3.  Try a brain dump

Reflection doesn’t have to be pretty. In fact, messy reflection is often the most helpful.  Any mom who’s laid awake at night with a thousand thoughts tearing around like a mental tornado can vouch for the value of a good brain dump.  Grab a notepad and a pencil and write down all the things you have on your mind.  That’s it.  Just write them down as they come to you – no news doe complete sentences or grammatical correctness.  Just get it all down on paper!

Once you’ve captured all the random things swirling around up there, you can organize them into useful categories.  A “Things that need to be done today” list is often a good place to start.  Then look at things that you’ve been putting off.  Make a list of the things that are bothering you.  Toss in questions you’ve been pondering. (Should I buy a Peloton bike?  Where should we go for our next vacation?  Will we be able to travel for spring break?) The act of writing things down makes them less overwhelming and helps you regain your sense of control as you let go of what isn’t important and make plans to address what is.

4.  Talk to Others on the Same Journey

Learning happens when we convert thoughts and ideas into language, whether written or spoken.  So, if journaling isn’t your thing, but you want to capture the important lessons gathered from reflection, talk them out!  Whether it’s a group of entrepreneur moms looking to grow their businesses through online marketing, boutique owners finding creative ways to adapt to social distancing, or middle school parents trying to navigate the emotional landmines of a tricky parenting chapter, having a group of people to talk things out with often leads to new insights and strategies that will work for you.  Set a regular coffee date and get together in-person or virtually to do your reflecting with a group of women who have your back.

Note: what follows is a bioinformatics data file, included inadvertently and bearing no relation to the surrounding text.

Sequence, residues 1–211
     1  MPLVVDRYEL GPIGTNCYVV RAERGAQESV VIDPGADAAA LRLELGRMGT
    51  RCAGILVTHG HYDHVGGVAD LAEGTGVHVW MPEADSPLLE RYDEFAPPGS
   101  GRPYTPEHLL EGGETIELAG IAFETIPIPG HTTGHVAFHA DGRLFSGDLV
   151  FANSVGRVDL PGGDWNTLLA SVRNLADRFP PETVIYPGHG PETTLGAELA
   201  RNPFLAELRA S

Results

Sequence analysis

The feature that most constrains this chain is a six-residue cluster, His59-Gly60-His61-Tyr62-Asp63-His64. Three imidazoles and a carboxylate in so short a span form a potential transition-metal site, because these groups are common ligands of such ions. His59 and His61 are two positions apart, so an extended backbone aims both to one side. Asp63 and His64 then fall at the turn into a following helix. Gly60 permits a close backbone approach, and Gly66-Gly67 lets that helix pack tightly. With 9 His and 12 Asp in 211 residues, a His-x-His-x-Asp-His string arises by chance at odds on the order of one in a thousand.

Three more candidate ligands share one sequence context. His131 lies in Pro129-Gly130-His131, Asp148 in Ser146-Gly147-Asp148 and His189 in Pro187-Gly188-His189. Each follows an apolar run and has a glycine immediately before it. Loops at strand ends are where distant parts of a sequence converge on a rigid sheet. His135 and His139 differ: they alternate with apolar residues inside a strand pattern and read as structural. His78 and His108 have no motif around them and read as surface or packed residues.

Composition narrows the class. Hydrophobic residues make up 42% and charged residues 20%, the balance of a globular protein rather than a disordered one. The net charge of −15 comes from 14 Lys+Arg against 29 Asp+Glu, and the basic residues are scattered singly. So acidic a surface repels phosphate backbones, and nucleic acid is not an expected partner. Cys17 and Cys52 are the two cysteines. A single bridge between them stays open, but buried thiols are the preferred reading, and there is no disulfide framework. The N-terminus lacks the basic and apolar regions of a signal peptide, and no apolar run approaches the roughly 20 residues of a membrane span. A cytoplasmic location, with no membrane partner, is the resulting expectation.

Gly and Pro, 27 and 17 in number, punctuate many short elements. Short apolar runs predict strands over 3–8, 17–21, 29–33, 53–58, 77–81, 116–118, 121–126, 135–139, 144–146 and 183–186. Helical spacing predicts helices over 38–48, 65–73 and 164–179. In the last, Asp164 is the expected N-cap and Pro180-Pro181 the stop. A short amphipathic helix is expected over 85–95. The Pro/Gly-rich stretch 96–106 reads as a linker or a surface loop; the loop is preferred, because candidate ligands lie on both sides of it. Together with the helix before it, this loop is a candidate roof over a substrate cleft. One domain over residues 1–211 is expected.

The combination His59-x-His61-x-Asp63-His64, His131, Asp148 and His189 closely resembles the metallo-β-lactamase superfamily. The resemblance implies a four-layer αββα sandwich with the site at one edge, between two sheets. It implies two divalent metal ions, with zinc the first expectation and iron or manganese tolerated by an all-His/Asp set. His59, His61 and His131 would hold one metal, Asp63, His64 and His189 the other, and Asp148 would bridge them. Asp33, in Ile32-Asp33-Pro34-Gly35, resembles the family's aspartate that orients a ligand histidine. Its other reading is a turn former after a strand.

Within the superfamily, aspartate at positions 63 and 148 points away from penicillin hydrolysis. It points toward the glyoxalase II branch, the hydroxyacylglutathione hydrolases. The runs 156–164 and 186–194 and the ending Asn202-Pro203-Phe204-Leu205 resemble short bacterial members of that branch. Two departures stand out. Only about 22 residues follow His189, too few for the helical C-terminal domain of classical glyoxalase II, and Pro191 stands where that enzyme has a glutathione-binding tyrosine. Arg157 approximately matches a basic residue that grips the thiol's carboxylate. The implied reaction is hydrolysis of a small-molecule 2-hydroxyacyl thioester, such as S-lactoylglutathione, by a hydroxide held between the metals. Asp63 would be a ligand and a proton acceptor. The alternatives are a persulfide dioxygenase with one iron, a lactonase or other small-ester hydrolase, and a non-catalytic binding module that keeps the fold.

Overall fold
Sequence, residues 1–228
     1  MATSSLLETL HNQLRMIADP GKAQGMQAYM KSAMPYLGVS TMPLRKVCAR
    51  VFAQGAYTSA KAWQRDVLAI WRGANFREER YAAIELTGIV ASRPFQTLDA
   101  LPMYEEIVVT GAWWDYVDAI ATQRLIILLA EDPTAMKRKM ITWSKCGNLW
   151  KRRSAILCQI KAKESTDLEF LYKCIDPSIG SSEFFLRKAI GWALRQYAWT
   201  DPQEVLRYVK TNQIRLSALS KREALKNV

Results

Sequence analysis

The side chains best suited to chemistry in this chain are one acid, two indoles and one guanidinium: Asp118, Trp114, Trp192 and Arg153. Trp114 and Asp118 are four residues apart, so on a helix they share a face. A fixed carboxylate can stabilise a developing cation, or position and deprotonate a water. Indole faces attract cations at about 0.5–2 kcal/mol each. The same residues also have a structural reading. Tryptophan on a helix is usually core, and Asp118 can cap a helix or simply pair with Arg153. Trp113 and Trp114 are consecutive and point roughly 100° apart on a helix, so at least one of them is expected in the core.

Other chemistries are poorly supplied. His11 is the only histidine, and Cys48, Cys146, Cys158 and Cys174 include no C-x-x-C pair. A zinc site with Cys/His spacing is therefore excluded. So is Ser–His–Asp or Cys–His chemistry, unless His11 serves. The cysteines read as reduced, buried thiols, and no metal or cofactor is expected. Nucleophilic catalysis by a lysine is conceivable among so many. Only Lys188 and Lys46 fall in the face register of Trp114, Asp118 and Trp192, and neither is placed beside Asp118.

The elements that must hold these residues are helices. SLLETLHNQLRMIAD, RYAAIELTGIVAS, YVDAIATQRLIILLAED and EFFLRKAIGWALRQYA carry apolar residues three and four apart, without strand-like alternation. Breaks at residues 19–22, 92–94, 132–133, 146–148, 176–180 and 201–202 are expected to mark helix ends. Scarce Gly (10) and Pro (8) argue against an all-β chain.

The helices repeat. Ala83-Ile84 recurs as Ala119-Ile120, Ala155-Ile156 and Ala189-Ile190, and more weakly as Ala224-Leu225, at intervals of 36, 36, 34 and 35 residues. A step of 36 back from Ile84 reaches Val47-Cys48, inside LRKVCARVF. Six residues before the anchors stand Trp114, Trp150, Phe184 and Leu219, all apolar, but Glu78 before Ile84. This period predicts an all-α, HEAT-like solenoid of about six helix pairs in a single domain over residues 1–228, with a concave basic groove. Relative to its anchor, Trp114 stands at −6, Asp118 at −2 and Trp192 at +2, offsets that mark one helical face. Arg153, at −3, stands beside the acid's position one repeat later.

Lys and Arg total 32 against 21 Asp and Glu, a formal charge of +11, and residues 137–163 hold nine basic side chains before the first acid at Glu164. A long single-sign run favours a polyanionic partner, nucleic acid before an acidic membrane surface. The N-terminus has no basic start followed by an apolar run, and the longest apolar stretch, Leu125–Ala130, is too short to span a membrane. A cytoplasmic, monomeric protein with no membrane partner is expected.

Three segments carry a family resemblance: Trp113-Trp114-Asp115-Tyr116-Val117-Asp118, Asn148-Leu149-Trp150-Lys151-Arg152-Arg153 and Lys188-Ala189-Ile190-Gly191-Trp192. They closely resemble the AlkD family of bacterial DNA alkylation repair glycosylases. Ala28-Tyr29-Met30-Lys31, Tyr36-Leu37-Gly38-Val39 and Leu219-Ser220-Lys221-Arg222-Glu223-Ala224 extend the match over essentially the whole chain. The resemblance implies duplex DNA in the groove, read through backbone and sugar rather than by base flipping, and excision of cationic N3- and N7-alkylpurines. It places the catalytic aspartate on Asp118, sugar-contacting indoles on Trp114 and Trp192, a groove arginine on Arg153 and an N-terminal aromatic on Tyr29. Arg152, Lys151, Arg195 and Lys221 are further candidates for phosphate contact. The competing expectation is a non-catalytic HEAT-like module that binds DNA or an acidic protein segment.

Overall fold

5.  Join an Online Reflection Group

If you’re already at your computer and want to incorporate the social reflection mentioned above, why not join an online group dedicated to building reflection into their daily practices?  These groups post a daily reflection question to help you develop the practice of slowing down and looking back on what’s working and what isn’t.  Our new group Reflection for Non-Journalers is a great place to start!  Each day, we’ll share a brief insight or post a question to spark discussion and jump-start the reflection process.  Share as much, or as little, as you’re comfortable sharing and encourage others as they build reflection into their daily practice along with you.

You don’t have to be a journaling pro to reap the benefits of a regular reflection process.  You just have to find the type of practice that works for you.  As we enter this new year, let’s do this together.  I can’t wait to support you as you grow in 2021!